Christianity, Charity, and the opportunity for Conservatism
The founder of a charity to assist single mothers applied for a grant from the DfES, and was turned down because the charity’s website revealed its Christian foundation. This led the DfES to conclude that the charity ‘was not open to everybody’ (despite the fact that it ministers to all single mothers regardless of faith), and the letter of rejection identified the crime: ‘Your assistance for single parents includes extending Christian comfort and offering prayer’.
The Spitalfields Crypt Trust has ministered to homeless alcoholics for forty years. It owns two houses where alcoholics are permitted to live while they are recovering, but Tower Hamlets Council is threatening to remove its grant. The charity mission statement states: ‘It is our firm belief that a personal Christian faith offers the greatest hope, most effective dynamic and surest foundation for sustainable recovery and personal development. We want to make this faith accessible to our service-users while at the same time offering our services to people of any faith or none without obligation to engage in any exploration, observance or instruction of a specifically Christian nature.’ Tower Hamlets Council wants it to say: ‘We will do nothing to promote our faith’, which the Trust has rejected.
In the UK, around 20% of charities have a religious basis, and it is testimony to the faith that the vast majority of these are Christian. While few doubt that their involvement in society is very much needed, the foundation upon which they are built is under concerted attack from increasingly aggressive secular authorities. They may no longer employ Christians, for that is ‘discrimination’; they may no longer talk of their faith, for that is ‘anti-diversity’; and they may no longer explain their morality, for that is ‘intolerance’.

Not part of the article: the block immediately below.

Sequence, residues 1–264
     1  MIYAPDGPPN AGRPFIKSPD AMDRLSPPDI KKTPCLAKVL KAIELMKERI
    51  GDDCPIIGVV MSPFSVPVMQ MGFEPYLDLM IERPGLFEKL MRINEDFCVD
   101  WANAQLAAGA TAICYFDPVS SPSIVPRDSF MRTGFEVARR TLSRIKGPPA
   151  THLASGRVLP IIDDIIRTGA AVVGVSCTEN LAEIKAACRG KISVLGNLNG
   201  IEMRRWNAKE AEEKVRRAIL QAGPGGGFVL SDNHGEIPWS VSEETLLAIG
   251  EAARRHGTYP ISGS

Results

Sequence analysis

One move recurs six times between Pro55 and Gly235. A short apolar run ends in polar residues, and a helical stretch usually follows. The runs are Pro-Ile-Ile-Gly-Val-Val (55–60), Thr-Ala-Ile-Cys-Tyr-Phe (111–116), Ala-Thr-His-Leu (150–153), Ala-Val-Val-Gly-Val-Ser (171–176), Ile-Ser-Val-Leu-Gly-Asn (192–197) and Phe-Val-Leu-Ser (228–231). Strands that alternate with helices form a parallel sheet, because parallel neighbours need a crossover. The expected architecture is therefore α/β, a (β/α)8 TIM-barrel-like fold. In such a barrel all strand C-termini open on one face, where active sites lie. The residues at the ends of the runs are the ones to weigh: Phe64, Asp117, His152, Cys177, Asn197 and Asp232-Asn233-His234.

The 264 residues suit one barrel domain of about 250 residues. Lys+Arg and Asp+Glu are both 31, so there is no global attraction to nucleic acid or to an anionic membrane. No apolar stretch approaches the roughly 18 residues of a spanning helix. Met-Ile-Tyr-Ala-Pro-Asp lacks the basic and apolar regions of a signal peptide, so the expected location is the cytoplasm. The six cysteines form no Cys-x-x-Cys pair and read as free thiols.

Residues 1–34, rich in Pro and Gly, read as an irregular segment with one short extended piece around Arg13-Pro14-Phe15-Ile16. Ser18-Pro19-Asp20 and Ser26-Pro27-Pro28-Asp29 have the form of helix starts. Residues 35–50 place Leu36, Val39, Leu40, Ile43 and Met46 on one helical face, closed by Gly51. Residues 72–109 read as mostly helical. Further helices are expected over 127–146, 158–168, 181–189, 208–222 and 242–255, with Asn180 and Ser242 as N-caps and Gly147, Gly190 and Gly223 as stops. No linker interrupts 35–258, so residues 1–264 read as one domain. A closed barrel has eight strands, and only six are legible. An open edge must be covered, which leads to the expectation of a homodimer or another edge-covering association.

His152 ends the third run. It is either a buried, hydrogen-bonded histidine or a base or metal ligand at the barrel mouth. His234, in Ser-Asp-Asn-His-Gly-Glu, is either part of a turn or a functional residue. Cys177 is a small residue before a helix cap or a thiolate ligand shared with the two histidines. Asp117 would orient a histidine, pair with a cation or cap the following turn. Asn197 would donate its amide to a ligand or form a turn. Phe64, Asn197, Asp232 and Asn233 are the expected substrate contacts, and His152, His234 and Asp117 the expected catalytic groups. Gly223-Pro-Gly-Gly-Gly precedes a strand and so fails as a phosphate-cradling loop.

As one looks at the moral state of the country - prostitutes, homeless, gambling, drunks, drug addicts, over-crowded prisons, anti-social behaviour - there is no doubt that we live in a sinful and broken world. Christians have a unique answer to these ills, which goes far deeper than any government-led solution, and has been proven to be effective over two millennia. The faith base of much charity work is the precise motivation which urges believers to help those who are less fortunate, yet now that faith is deemed ‘inappropriate’.
New Labour has done more to undermine the Christian foundations of the United Kingdom than any previous government in history. The party that was built on sacred motives has become the most secular. It therefore comes as no surprise that the Christian Socialist Movement is in crisis, and therein lies a distinct opportunity for Christians in the Conservative Party to articulate their vision. The secularisation process of the past decade has outstripped that of the preceding three centuries, and while Christians on the Government benches have been mute, those in the Conservative Party have been networking, listening, and praying. While some may assert that our social context has become post-Christian, it is not for any government to hasten the demise of the Judeo-Christian worldview. It alone has revealed to the world the light and liberty that is eternal, and it must therefore contend with the culture, confront the zeitgeist, and endure the consequent ridicule and persecution that was foretold.